Step by Step Dry Winterization Procedures.

In the property preservation industry the term winterization, winterizing, wint. All refer to the prevention of damage caused by the combination of water and freezing conditions. All homes have water in them, pipes, toilets, drain traps and some heating systems, if left full or untreated, sub zero temperatures can sometimes cause catastrophic damage to a home’s plumbing and heat system.

As a preservation contractor it is your job to have an above average understanding of where and why homes have water in them, and what will happen if this water is left untreated or un-drained.
The most common areas you will find water in a home are..
1.Potable water lines supplying clean water to
Faucets
Showers
Dishwasher
Exterior hydrants/spigot
Washing machine hook ups
Water softeners.
Water filtration system
Hot water tank
Main entry/water meter
Supply lines to humidifiers and ice makers
2.Drain system
Sink and shower “J” traps
Toilets
3.Heat system
Radiant heat
Steam heat


Currently there are three types of winterizations.
1.Dry winterization; This is when a house is not equipped with a heat system that use heated water to warm the house.
Examples: Gas forced air, electric heat pumps, electric baseboard heating units.
2.Steam heat; “This method of heating uses heated water to create steam with the design and layout of steam pipes differing significantly from hot water heating systems, Steam pipes must slope upward at the supply lines to prevent water in the system from restricting the flow of steam. Also, these pipes should decrease in diameter as they proceed away from the boiler. The return pipes must be smaller in diameter than the supply pipes, as they carry water instead of steam. Additionally, steam pipes need insulation on the supply side only: The return pipes should be un-insulated in order to promote condensation.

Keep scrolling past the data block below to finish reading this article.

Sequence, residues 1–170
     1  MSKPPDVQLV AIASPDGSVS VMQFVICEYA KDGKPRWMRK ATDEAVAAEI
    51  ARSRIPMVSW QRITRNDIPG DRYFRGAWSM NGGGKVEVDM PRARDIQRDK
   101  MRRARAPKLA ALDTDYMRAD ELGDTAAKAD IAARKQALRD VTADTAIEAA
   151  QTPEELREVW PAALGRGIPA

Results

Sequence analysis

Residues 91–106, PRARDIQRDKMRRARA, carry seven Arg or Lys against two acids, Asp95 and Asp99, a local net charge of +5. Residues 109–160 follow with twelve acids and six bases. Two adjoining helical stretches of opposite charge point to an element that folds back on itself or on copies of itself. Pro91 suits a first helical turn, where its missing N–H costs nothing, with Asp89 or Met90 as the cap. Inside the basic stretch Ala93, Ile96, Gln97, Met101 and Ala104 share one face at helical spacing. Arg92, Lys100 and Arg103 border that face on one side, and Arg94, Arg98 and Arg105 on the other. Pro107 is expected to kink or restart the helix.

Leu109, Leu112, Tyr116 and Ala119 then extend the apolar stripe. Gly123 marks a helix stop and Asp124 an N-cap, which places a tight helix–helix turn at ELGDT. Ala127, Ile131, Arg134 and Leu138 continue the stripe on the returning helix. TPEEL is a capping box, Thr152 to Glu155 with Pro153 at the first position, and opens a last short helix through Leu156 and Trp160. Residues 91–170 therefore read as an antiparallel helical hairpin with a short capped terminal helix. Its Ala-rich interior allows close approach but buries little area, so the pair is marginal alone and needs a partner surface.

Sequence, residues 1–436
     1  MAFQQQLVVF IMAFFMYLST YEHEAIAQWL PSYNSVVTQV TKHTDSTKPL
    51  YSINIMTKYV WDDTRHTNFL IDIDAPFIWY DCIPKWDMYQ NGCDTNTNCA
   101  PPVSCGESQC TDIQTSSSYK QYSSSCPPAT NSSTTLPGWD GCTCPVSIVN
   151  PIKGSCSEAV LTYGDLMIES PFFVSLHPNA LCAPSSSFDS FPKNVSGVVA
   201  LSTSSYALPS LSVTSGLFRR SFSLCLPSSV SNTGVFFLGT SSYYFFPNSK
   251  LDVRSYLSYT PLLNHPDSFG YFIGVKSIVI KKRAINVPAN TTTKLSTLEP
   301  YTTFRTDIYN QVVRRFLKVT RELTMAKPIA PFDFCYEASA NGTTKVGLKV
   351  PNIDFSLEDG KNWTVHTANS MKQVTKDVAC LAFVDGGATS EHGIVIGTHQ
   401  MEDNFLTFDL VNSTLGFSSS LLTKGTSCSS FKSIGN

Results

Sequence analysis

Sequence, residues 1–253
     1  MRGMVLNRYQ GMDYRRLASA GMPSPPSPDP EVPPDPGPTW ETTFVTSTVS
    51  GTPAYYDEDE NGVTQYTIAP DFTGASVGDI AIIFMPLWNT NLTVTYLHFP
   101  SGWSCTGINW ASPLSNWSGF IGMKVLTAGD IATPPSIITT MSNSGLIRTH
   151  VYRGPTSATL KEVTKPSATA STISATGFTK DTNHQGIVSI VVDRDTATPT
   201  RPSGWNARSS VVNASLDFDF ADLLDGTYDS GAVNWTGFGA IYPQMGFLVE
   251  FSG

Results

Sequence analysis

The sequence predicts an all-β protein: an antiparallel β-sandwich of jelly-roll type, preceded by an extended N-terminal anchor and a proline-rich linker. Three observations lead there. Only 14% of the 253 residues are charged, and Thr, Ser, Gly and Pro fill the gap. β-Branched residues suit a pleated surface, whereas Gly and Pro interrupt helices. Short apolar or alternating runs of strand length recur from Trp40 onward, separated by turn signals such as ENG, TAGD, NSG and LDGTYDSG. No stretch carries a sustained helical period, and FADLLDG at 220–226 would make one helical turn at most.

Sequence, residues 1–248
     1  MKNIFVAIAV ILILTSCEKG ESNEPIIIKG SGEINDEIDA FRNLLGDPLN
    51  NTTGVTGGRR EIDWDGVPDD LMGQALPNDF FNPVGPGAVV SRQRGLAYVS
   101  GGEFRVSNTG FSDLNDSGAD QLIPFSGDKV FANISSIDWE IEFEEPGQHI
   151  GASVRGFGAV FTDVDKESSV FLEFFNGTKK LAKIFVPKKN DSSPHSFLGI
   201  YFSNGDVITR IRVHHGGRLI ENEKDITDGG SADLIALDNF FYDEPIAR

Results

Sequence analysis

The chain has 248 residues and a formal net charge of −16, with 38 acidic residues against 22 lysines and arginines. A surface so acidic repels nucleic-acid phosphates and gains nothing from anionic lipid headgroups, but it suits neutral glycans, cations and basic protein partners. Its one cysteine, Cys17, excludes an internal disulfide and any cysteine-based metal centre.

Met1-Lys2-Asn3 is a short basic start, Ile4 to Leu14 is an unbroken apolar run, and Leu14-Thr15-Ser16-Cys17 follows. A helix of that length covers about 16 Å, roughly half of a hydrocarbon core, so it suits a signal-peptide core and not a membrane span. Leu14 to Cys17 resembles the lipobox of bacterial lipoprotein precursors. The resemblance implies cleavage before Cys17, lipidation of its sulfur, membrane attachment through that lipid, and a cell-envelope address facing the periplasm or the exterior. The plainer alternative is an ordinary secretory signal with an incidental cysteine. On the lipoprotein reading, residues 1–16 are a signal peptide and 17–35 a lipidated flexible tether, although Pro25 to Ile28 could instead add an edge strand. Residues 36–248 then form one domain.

3.Hot water heat; “This method uses hot water heated in a boiler and pumped through out the system. The diameter of the piping remains constant, the slope is irrelevant, and all lines are insulated to prevent heat loss”. 


Described below is the basic method of a dry winterization using an air compressor.



(Get the water turned off) Terminate the water service at the curb. This is the underground stop box located in the front yard or sometimes in the street. In many instances this has to be completed by the local water district/company.
(Start draining the hot water tank) Get your hose hooked up to the hot water tank and find out where you can safely drain the water. (Never dump water on the floor)
(General inspection) This is a good time for a general inspection of all visible pipes and fixtures. Obvious damage or missing fixtures should be noted and photographed. This is also a good time to flush toilets and make sure they are turned off at the cut off valve below.
(Get your compressor running) Hook up your compressor to the washer machine feed pipe located in home. (Hot or cold) set your regulator between 35 and 60 psi There is no reason for this step if you know the pipes will not hold pressure because of visible pipe breaks and/or missing plumbing fixtures.

(Return to your hot water tank). Once the hot water tank drained and drain valve closed, allow the plumbing system (pipes) to fill with pressurized air.
It is very important you make sure the hot water tank is turned off. (gas or electric)
(Start purging) At this time you should go to all faucets, valves, toilets, exterior hydrants/spigots, showers (anything that you can open, drain and close, You get the idea!!) turn them on for just a moment or two and then turn them off, enough to get the pipes to stop the constant flow of water, let them spit and sputter for a three count before turning them off and moving onto the next location. Always use a large air compressor, (minimum requirements) 3 hp electric and 4.0 hp for gas powered air compressors.
    Just so you know, after three or four trips around the house, 99% of all water should be out of the pipes.